1 Bull. 204, Bur. Plant Industry.
2 Fruit Culture in Japan.
Throughout a large part of the Mediterranean region the loquat is highly successful; it is said, in fact, to have become naturalized in several places. In southern France it is a common tree, but there are no large commercial plantations. In Italy and Sicily it is abundant. David Fairchild states it to be one of the principal fruits of the island of Malta, but the trees are seedlings and practically none of them worth propagating. L. Trabut says of the loquat in Algeria: "The Horticultural Society, the Botanical Service, and a certain number of amateurs have collaborated in producing superior varieties which are now propagated by grafting. The Botanical Service has introduced the best varieties obtainable in Japan, and public opinion is undergoing a change regarding this fruit. Formerly it was not esteemed." The tree is common in the gardens of Algiers, and during early spring the fruit is abundant in the markets.
Regarding its behavior in England, the Gardener's Chronicle (May 3, 1913), referring to it under an alternative name, says: "The Japanese Medlar is an old garden favorite, grown in this country for its handsome evergreen foliage, and in warmer regions for the sake of its edible fruits. Messrs. Sander have obtained from some source a variegated sport of it, which is likely to become a popular garden plant, the variegation being particularly pleasing, some of the leaves being more milk-white than green. It is not generally known that the Japanese Medlar is quite happy when grown under the shelter of a wall in the neighborhood of London; in other words, it is much hardier than is supposed."
According to Paul Hubert, the loquat is grown in Madagascar and in some islands of French Oceania. It is also cultivated in Indo-China. In Hawaii it is fairly common as a garden tree. In Australia its cultivation is limited to Queensland, but Albert H. Benson says that it can be grown in the more southerly coast districts, in the foothills of the Coast Range, and on the coast tablelands. It is not extensively cultivated in any of these regions. Grafted varieties are offered by nurserymen in Brisbane.
The loquat has become widely distributed throughout America, where its cultivation extends from California and Florida to Chile and Argentina. In Mexico, Central America, and northern South America, it is grown usually in mountain valleys and on plateaux at elevations of 3000 to 7000 feet. In those situations it succeeds well, and merits more attention than is now given it, especially the introduction of superior varieties, propagated by grafting.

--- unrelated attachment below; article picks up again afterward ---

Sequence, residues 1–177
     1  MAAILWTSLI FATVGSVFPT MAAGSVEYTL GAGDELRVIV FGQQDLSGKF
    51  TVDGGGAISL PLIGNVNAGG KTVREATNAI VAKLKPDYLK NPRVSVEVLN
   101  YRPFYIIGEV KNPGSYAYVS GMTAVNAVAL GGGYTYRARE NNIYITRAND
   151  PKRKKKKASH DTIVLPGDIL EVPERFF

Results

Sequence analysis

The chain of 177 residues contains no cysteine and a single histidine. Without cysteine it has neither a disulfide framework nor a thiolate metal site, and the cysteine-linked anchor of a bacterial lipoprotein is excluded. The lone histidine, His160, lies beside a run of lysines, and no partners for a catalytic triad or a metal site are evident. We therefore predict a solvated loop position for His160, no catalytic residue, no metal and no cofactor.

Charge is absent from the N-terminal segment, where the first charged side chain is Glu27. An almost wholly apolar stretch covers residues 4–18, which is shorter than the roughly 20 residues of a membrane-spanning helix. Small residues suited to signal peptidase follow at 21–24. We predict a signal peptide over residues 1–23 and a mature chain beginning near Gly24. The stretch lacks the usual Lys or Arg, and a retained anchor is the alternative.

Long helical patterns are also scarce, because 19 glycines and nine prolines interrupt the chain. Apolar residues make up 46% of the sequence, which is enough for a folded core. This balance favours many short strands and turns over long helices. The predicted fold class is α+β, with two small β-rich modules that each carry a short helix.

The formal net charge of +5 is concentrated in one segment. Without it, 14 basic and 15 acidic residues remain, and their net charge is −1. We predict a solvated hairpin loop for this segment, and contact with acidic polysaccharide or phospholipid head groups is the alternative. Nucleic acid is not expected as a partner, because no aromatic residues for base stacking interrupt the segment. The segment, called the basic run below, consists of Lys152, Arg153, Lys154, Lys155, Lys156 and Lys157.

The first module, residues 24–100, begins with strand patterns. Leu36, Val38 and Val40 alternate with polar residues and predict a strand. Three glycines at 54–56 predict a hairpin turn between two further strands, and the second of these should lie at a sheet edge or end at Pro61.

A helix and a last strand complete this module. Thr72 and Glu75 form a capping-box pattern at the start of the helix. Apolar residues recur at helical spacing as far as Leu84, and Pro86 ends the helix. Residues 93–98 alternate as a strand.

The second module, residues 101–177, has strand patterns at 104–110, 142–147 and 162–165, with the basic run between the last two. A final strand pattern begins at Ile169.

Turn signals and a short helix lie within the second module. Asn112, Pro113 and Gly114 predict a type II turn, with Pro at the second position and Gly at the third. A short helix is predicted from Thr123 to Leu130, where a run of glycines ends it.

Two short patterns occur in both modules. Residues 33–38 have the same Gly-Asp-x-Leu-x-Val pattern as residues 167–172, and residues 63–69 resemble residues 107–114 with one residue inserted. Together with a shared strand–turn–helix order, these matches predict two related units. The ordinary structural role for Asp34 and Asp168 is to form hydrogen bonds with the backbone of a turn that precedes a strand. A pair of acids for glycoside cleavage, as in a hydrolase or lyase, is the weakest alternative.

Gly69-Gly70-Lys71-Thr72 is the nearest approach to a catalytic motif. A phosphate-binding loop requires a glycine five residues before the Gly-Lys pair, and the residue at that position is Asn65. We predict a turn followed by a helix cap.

California is probably the most favorable region for loquat culture in the United States. There are many areas in the southern end of the state which are admirably adapted to the production of choice fruit, and the commercial development of loquat culture in these localities is slowly but steadily progressing. Already there are several orchards ten to twenty acres in size, and many budded trees of superior varieties have been planted in dooryards and home gardens.
Throughout the Gulf states the tree grows well, but in many regions frosts interfere with the production of fruit. Several small orchards have been started in Florida, and while these have not been altogether successful in most instances, there are certain districts in the southern part of the state which seem well adapted to its culture. W. J. Krome has had signally good results with this fruit at Homestead. At Miami it has not done so well, probably because the soil is too light for it and not sufficiently moist.
While the name loquat is universally recognized among English-speaking peoples as the correct one for this fruit, it is sometimes called Japanese medlar and Japan-plum. The Spanish name is nispero del Japon, the Italian nespola giapponese; both of these mean Japanese medlar, and have been applied because of the resemblance of this fruit to the European medlar, Mespilus germanica. The French use this same term, as neflier du Japon; they also use the name bibace. Yule and Burnell say of the word loquat: "The name is that used in S. China, lu-kuh, pronounced at Canton lukwat, and meaning 'rush orange.' Elsewhere in China it is called pi-pa." This later suggests biwa, which is the common name in Japan.
The botanical name of the loquat is Eriobotrya japonica, Lindl., of which Photinia japonica, Gray, is a synonym. The latter name is retained by those who prefer not to separate the two genera, for the generic name Photinia is older than Eriobotrya.
Although most commonly eaten as a fresh fruit, the loquat can be utilized in several ways. For culinary purposes it is nearly as useful as its temperate-zone relative the apple; it may be stewed and served as a sauce, or it may be made into excellent jelly. Loquat pie, if made from fruit which is not fully ripe, can scarcely be distinguished from the renowned article made from cherries. The seeds are usually removed from the fruit before it is cooked, as otherwise they impart a bitter flavor to it.
The following analyses of two California varieties, made by M. E. Jaffa, have been published by I. J. Condit in his bulletin "The Loquat" 1 unquestionably the most thorough treatise on this fruit which has appeared up to the present:
1 Bull. 250, Calif. Agr. Exp. Sta.